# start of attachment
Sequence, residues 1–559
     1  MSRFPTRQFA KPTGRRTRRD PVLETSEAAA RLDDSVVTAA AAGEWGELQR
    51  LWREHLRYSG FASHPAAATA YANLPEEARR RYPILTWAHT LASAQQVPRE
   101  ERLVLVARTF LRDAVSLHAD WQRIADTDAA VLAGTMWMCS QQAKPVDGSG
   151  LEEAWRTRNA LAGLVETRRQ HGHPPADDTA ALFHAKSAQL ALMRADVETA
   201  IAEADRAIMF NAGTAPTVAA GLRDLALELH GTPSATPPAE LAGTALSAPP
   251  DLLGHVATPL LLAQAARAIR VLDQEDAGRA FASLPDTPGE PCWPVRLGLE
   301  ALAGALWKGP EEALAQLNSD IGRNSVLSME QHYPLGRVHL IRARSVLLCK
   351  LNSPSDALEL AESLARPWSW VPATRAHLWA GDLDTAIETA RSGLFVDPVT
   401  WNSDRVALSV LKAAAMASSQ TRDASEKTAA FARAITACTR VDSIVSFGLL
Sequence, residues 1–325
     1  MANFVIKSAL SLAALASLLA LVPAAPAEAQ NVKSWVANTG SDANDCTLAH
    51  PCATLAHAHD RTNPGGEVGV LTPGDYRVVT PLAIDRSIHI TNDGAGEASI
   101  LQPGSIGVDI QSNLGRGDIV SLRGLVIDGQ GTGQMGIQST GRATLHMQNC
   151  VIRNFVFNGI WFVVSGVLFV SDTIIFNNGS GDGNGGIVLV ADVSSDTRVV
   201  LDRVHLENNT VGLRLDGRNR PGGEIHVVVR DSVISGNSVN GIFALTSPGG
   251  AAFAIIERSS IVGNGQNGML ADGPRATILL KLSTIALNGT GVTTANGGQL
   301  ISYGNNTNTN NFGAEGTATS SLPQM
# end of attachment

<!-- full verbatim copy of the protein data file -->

Sequence, residues 1–559
     1  MSRFPTRQFA KPTGRRTRRD PVLETSEAAA RLDDSVVTAA AAGEWGELQR
    51  LWREHLRYSG FASHPAAATA YANLPEEARR RYPILTWAHT LASAQQVPRE
   101  ERLVLVARTF LRDAVSLHAD WQRIADTDAA VLAGTMWMCS QQAKPVDGSG
   151  LEEAWRTRNA LAGLVETRRQ HGHPPADDTA ALFHAKSAQL ALMRADVETA
   201  IAEADRAIMF NAGTAPTVAA GLRDLALELH GTPSATPPAE LAGTALSAPP
   251  DLLGHVATPL LLAQAARAIR VLDQEDAGRA FASLPDTPGE PCWPVRLGLE
   301  ALAGALWKGP EEALAQLNSD IGRNSVLSME QHYPLGRVHL IRARSVLLCK
   351  LNSPSDALEL AESLARPWSW VPATRAHLWA GDLDTAIETA RSGLFVDPVT
   401  WNSDRVALSV LKAAAMASSQ TRDASEKTAA FARAITACTR VDSIVSFGLL
Sequence, residues 1–325
     1  MANFVIKSAL SLAALASLLA LVPAAPAEAQ NVKSWVANTG SDANDCTLAH
    51  PCATLAHAHD RTNPGGEVGV LTPGDYRVVT PLAIDRSIHI TNDGAGEASI
   101  LQPGSIGVDI QSNLGRGDIV SLRGLVIDGQ GTGQMGIQST GRATLHMQNC
   151  VIRNFVFNGI WFVVSGVLFV SDTIIFNNGS GDGNGGIVLV ADVSSDTRVV
   201  LDRVHLENNT VGLRLDGRNR PGGEIHVVVR DSVISGNSVN GIFALTSPGG
   251  AAFAIIERSS IVGNGQNGML ADGPRATILL KLSTIALNGT GVTTANGGQL
   301  ISYGNNTNTN NFGAEGTATS SLPQM